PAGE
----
# Binary Operation Tables Worksheets

A binary operation is a predetermined rule for how two things combine for a given type and produce a new thing. This rule sets commonly use letters and numbers but can really use any form. We use binary operation tables to chart all the possible outcomes of a binary operation. We will often need to look for imaging trends in these tables and interpret them for others. We are often looking for an identify element existing. You can easily spot those tables because all of the value in a row or column are the same. We will look at other properties that may exist in these tables over the course of these lessons. These worksheets help students learn how to interpret and even create their own binary operation tables.

### Aligned Standard: REI.C.5

- Watermelon Table Step-by-Step Lesson- Work with the watermelon operation and interpret the table.
- Guided Lesson - The operations include lemons, footballs, hockey sticks, ping pong, and tennis rackets.
- Guided Lesson Explanation - I put a solid explanation for number one down. All the others feed off of that.
- Independent Practice - Not sure why I'm so focused on the commutative property. I will be adding the disciplines soon.
- Binary Operations Five Pack - We really hammer through binary operations well with this skill based pack.
- Matching Worksheet - Great for a brief reminder to students who might have forgotten what they learned yesterday.

- Answer Keys - These are for all the unlocked materials above.

### Homework Sheets

All these sheets focus on the three major conceptual questions that you will need to answer.

- Homework 1 - The colors will help you here, but are not fully necessary.
- Homework 2 - For the example we use numbers to make it more concrete for students.
- Homework 3 - Many teachers have a preference to use letters of the alphabet. We used them for all the tables on this worksheet.

### Practice Worksheets

Over the course of these sheets we are looking for you to better grasp the concepts that are presented.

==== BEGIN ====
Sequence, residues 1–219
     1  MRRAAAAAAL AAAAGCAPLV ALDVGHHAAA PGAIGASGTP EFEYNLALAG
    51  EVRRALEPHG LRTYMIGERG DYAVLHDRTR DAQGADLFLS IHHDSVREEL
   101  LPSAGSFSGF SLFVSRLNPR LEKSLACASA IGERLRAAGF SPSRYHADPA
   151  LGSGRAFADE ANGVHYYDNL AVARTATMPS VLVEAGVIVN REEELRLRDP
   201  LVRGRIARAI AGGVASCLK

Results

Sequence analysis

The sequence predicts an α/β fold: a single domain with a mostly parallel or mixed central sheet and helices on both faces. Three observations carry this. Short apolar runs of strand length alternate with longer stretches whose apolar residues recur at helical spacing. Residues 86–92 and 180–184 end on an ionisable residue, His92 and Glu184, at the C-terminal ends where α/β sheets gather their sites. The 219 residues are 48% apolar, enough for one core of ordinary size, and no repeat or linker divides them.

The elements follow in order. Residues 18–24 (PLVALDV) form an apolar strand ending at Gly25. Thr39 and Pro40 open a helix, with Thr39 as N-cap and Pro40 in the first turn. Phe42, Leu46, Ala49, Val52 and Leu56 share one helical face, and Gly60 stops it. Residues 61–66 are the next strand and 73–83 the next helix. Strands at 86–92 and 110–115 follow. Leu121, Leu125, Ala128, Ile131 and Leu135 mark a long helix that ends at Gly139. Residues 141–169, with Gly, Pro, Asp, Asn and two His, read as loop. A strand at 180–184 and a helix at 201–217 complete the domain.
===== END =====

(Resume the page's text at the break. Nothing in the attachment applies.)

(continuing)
- Practice 1 - It is a zoo out there! All of these tables are filled with animals.
- Practice 2 - We give you a deep explanation for each of the problems.
- Practice 3 - For any students that are having difficulty, I would send them home with this worksheet and answer key. It will walk them through everything.

### Math Skill Quizzes

There are a ton of different tables for you to interpret here. Make sure to focus your attention on each of the sheets, as needed.

- Quiz 1 - The questions that asks if a statement is true or false give students the most trouble. This is normally because they rush through those problems.
- Quiz 2 - This is mostly numbers and letters for you to work with.
- Quiz 3 - This is a well designed quiz for you to help you determine where your students are at with this skill.

### How to Read Binary Operation Tables

The word binary operation is derived by the word 'bi' which means two i.e. something that is composed of two pieces. A binary operation is a simple rule that combines two values to create a new one. One of the most widely known operations in binary are the ones that we learn in elementary level such as: Addition, subtraction, division and multiplication which are applied on various different numbers.

Binary operation tables are visual depictions of set were all the elements of a binary operation is plotted out. You can see that the table in the above case shows relationship that exists between two identities. The table is an example of a binary operation table where (^) is the binary operation performed on the set {A, B, C, D}. How you go about reading this is to match up the columns, much like a times table. For example, if we were looking for the end value of B^C, we would look at the vertical column for (B) and match it up with the horizontal column (C). We would clearly see that B^C = C.

As we can see these tables give us predetermined outcomes that we can use to interpret the nature of the binary relationship. There are six common properties of these relationships that we have seen before when working with basic operations.